By Glynda Pflug
Do you remember when video games were the popular thing to have -- not just the little hand-held games, but the big gaming systems?
Window on the Plains Museum received a donation recently of three of the gaming systems that were popular in the late 1970's and 1980's.
These systems were the early beginnings of gaming that has consumed the time of most children and many adults today.
One of the systems is a Coleco Telstar Arcade, made in 1978. It has three games -- road race, tennis and quick draw. The console has three sides and the player rotates the console to his choice of games.
The second game is made by Mattel Electronic. It is an Intellivision Intelligent Television game. It works with cartridges that allow a variety of games. This game came with one cartridge -- poker and blackjack. According to the box, it "turns your tv set into a family center for entertainment, games and learning fun." The price on the box was $39.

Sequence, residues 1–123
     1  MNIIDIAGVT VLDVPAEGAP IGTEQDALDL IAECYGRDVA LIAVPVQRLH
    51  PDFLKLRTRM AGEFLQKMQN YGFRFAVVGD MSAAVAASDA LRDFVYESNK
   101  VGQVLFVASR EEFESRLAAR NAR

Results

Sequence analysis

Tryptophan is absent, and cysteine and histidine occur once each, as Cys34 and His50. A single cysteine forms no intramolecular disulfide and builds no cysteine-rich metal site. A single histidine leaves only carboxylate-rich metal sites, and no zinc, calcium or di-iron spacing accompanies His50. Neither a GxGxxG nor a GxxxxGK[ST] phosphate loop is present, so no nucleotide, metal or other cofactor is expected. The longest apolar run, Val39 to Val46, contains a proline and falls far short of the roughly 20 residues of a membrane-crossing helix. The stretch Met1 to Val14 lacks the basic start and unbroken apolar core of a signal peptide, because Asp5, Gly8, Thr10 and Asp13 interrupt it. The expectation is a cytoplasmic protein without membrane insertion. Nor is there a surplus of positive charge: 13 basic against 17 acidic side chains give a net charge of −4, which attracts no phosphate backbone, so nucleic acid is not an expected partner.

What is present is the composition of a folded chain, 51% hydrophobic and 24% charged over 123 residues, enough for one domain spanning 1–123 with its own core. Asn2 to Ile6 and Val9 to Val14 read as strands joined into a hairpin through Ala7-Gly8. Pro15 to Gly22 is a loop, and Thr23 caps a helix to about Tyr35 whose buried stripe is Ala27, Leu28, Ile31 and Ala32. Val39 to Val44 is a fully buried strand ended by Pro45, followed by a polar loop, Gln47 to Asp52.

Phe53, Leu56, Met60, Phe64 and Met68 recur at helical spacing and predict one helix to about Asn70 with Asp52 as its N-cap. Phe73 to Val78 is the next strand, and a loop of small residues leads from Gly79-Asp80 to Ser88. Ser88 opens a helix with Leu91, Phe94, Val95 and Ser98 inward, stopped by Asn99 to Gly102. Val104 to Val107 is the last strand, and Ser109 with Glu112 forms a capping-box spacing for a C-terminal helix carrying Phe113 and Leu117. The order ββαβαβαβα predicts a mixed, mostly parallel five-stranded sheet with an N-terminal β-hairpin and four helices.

The Socrates Education Video System will "turn your tv into a one-to-one learning and fun center." It was developed in 1988 and cost of the system was $139.97. It has five built-in subjects with 90 program variations and it "takes your child through math, spelling, word games, music and art." According to the system, it "stimulates children's minds and helps them become better students."
In the thirty or forty years since these games were on the market, games have become more complex, but smaller in size.
Gaming is definitely here to stay. Whether games are played on a gaming console, a tablet or a phone, they intrigue players of all ages.